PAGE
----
Conclusions?

1. If the Blue Collar guys were to be ranked in order of tolerability, it would go like so: Jeff Foxworthy, Bill Engvall, Ron White, Larry the Cable Guy.
2. This post ain't gonna get me any friends in the Bible Belt.
3. If you walk into a gym and recoil at the sight of a marquee that reads, Blue Collar Comedy Tour Rides Again, you might be a film snob.

Can I get an “Amen” in here?

 

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Reader Comments (8)

this sort of thing makes me lose my faith in humanity ;)

August 12, 2011 | Registered CommenterNATHANIEL R

"...the ripple effects from which don't just linger inside some smoky, small-town Arizona venue..."

Smoky? We don't have smoky venues, they're illegal. (And many of the small towns in this state tend to be more on the liberal side of things, not so much the audience for these guys.)

"Worst of all was how willfully the females in the audience guffawed at White's cutting humor, conditioned to think that it comes from a place of wink-wink love, and isn't carelessly condescending."

Oy, that kind of thing really is killer. I wish I understood it better. Could be just plain stupidity, or maybe that's too simple and dismissive an answer. Maybe it's a coping thing, women convincing themselves that men who disdain them really don't, because it's easier than feeling hated?

August 12, 2011 | Unregistered CommenterJessica

I'm so grateful to be a native Californian.

August 12, 2011 | Unregistered Commenter/3rtfu11

Jessica -- Apparently Ron White gets a pass for smoking. He was smoking up a storm, and he did say they were in Flagstaff.

August 12, 2011 | Unregistered CommenterKurtis O

Flagstaff is a small town? I guess everywhere but Phoenix in Arizona is a small town, lol.

August 12, 2011 | Unregistered CommenterJessica

Since so much of comedy comes from a place of playing on truth, I've always suspected that what you find funny is inherently tied with what you see as truth in the world.

Good comedians are able to reveal things you didn't even realize. But bad one's play off of "truths" that are little more than the stereotypes of beer commercials: Guys are big dumb brutes who like sex. Women are nebbish, nagging prudes or dumb blondes. These are things people believe because they're constantly told them reinforced over and over, not because they're true.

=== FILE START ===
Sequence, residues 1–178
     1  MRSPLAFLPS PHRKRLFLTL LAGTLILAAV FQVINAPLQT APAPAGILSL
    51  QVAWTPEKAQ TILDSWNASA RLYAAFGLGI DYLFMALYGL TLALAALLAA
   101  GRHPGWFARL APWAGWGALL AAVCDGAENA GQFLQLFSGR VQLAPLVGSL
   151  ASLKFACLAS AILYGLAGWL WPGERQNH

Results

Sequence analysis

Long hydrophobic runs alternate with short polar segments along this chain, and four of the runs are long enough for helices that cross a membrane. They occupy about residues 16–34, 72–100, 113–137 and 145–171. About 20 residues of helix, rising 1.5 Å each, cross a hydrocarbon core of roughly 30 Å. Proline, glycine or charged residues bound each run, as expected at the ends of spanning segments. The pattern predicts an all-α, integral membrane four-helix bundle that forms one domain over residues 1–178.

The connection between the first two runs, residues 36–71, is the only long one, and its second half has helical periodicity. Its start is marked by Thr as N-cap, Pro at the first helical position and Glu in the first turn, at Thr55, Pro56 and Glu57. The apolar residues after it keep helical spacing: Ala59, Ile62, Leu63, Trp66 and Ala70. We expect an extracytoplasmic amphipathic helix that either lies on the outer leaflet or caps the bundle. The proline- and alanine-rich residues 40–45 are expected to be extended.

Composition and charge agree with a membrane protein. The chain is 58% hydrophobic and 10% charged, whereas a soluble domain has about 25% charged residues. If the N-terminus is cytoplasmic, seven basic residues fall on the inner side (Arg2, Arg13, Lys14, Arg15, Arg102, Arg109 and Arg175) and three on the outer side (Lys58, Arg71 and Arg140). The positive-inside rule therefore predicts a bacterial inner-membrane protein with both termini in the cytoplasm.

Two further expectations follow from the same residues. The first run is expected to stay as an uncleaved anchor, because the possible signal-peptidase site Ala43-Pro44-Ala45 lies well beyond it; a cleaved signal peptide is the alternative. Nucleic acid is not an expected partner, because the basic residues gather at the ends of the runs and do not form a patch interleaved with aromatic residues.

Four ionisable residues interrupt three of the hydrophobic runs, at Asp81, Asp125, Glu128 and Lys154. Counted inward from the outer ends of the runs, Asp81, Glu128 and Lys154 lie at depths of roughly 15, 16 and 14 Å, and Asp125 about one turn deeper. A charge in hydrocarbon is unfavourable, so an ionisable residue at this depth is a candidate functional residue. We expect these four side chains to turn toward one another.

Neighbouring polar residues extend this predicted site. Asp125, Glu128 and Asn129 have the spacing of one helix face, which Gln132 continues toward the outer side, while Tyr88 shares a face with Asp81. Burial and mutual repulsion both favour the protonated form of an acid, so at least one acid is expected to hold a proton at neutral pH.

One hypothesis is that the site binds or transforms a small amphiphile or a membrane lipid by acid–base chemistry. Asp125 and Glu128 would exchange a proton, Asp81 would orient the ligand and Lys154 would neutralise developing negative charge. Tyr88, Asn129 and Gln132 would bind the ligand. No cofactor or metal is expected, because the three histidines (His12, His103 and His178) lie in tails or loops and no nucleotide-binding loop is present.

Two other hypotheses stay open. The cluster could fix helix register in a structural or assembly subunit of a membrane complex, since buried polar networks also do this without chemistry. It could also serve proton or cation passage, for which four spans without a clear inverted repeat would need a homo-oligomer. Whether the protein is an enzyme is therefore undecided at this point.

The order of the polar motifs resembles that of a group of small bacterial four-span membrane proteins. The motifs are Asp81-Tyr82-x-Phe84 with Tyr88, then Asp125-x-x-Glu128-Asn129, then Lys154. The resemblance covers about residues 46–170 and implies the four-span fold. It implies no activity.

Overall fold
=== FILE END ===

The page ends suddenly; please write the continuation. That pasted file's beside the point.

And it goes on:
But then the tail wags the dog, and people have an excuse to live up to these stereotypes. Behavior (especially in the case of women tolerating men) is tolerated or expected. People who see the world in one dimension propagate themselves in one dimension. Someone needs to shout at them "Dammit, you are the real thing! TV is the illusion!"

Or maybe I'm just reading too much into it. Maybe "guys wanna see boobs" is just a stupid observation.

August 12, 2011 | Unregistered CommenterRobert

I don't think you're reading too much. Though I don't know if I believe that people laugh at this kind of comedy because they really find it funny. I could be way off base, but I think it's not so much a comedian being funny, and people sincerely laughing, as it is the playing out of a ritual. Where the 'jokes' are the establishment of how we are to see the world, and the laughter is a way of saying 'Yes, yes, we will willingly reinforce that!'

August 13, 2011 | Unregistered CommenterJessica

Kurt - I'm from North Carolina, and I'm proud to call you my friend :) I hail from a small town where ignorance is a badge of honor, and I don't find any of the "blue collar comedy" humorous in the slightest. Ugh, it kills me to know that Larry the Cable Guy gets paid thousands, maybe millions of dollars to be an offensive imbecile. Even Dane Cook is funnier than him.

August 15, 2011 | Unregistered CommenterJason H.